Her words ignited the national debate. Some, including politicians and conservative media, immediately attacked her. Some accused her of exploiting her sister’s death, while others emphasized that her tearless words were a clear sign of emotional detachment. Some even used photos from the girl’s Instagram profile to label her as a Satanist, in a farcical reenactment of medieval witch hunts. For many, though, Elena Cecchettin’s words resonated like a rallying cry for a collective awakening.
From the day after the speech, Italian cities, large and small, were swept by rallies, torchlight processions, spontaneous marches, assemblies in educational and workplace settings — a movement not just of opinion but also of active and public participation.
Students ignored the education minister’s directive prescribing a minute of silence in all Italian schools to remember the murdered girl. Instead, at 11 a.m. sharp, the exact minute specified by the executive order, students left their classes and made as much noise as possible with shouts, applause, and the jingling of keys. Camilla Velotta of the Student Network explained, “It was not appropriate to follow the ministerial directive to be silent, but rather the opposite: read, talk, make noise.”
The mobilization grew day by day until Nov. 25, the day of the national demonstration against gender-based violence, which had been called even before Cecchettin’s femicide, organized by the Non Una di Meno network. The organization defines itself as transfeminist, with “trans” as a prefix, aiming both to make trans and non-binary people visible, and to suggest a schedule of demands that go beyond the fight against sexism, to intersect with other struggles, such as environmentalism and anti-exploitation.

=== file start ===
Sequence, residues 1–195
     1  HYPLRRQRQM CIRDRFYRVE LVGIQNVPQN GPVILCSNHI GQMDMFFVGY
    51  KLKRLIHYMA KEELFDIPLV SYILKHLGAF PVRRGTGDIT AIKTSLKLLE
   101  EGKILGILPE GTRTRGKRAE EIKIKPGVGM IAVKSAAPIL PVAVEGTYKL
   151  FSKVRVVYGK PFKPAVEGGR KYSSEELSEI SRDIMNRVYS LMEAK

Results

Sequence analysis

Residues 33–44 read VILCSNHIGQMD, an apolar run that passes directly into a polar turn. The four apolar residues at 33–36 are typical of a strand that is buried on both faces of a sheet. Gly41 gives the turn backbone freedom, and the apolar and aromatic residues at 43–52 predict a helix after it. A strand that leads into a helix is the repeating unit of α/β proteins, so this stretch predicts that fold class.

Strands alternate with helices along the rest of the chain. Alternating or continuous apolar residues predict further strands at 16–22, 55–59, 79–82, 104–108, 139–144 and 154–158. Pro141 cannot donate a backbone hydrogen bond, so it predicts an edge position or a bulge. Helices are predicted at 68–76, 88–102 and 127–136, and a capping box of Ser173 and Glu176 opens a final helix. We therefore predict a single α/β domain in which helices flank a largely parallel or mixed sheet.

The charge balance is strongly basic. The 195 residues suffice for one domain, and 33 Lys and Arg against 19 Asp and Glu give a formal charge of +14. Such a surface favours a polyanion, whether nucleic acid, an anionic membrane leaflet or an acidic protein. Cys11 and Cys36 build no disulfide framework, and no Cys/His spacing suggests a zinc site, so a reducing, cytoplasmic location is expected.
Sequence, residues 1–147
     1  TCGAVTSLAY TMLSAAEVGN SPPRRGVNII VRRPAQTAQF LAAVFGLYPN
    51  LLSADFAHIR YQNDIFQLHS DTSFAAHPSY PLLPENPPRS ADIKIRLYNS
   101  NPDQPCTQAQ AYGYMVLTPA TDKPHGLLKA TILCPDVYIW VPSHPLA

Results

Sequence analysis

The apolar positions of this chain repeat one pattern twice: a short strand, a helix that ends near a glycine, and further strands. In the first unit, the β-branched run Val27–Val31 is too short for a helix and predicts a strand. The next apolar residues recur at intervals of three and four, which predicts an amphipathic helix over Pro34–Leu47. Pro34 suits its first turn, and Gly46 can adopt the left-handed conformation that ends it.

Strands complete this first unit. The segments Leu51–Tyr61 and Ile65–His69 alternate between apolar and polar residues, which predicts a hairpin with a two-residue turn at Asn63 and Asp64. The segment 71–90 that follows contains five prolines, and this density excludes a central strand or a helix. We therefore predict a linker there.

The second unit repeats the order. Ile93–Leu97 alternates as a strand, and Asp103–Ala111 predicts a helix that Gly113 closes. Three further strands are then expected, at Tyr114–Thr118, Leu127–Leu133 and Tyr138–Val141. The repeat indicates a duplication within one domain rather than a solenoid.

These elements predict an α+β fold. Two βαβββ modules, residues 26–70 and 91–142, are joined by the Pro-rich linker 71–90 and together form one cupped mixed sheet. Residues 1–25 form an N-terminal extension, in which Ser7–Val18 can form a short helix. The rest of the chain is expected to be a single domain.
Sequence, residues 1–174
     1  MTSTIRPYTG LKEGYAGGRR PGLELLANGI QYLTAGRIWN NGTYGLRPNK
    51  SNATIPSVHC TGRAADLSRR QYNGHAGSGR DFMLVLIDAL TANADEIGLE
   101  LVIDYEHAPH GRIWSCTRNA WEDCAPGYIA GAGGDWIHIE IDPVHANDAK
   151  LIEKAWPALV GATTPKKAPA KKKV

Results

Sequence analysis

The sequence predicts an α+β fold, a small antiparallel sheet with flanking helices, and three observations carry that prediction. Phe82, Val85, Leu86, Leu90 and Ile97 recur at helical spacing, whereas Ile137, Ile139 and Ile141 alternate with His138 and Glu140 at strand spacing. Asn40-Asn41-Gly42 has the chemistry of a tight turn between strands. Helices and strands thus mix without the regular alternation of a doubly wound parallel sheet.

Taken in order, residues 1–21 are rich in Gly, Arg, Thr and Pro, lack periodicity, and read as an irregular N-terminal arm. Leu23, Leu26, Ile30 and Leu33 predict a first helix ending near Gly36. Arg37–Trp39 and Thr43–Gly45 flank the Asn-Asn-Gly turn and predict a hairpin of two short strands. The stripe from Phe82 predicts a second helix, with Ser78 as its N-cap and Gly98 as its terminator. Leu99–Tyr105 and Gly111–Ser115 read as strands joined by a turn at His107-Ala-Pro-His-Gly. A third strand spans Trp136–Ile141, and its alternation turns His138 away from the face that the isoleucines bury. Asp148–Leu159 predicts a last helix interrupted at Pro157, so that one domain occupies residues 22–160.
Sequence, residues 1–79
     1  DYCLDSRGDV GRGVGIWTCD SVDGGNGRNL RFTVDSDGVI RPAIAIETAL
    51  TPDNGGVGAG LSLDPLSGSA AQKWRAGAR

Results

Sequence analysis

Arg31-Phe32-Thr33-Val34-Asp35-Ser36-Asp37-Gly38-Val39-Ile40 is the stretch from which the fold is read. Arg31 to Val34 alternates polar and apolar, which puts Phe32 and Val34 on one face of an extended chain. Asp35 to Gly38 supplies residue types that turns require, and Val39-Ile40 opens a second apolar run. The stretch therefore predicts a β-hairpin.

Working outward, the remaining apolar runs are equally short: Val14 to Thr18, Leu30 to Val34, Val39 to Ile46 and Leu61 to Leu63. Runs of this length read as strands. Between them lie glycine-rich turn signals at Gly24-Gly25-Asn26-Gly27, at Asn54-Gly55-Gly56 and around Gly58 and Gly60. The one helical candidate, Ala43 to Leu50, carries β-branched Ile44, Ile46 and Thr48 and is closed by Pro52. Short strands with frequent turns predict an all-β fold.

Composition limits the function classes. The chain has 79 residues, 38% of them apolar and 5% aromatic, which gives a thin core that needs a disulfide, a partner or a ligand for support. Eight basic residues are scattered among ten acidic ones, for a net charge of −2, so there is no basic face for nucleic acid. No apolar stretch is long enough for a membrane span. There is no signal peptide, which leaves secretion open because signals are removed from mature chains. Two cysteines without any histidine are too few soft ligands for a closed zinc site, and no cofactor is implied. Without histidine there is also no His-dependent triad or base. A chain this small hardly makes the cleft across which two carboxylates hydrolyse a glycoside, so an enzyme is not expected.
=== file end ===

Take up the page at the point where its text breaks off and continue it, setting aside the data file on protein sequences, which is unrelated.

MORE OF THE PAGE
The network, connecting a constellation of collectives, groups, associations, and anti-violence centers throughout Italy, was born in 2016 in the context of another major mobilization against male violence in Italy. In that case, the spark was the death of Sara Di Pietrantonio, a 22-year-old woman burned alive by her boyfriend. But the movement also drew strength from a global context where a new wave of feminist awareness was shaking the foundations of public opinion in many countries.
The Italian network’s name takes inspiration from experiences in Argentina and other South American countries, where a massive movement against gender-based violence and for the right to abortion defined itself as “Ni Una Menos,” inspired by the words of a Mexican poet.
After the surprising mobilization on Nov. 25 in Italy, attention on male violence remains high, although this has not translated into government action. Not only because the first female prime minister insists on being called “Il presidente” (specifying a preference for the masculine article). And not only because Meloni’s ex-partner was himself recently caught on video molesting female co-workers (the prime-minister subsequently dumped him “live” on social media). But also because the current government is an expression of a male-centric political culture that is only able to suggest law-and-order solutions, such as stronger sentences for violent offenders. On the prevention front, responses remain hesitant and insufficient.
Meanwhile, since the murder of Giulia Cecchettin on Nov. 11, at least four more women have been killed in Italy.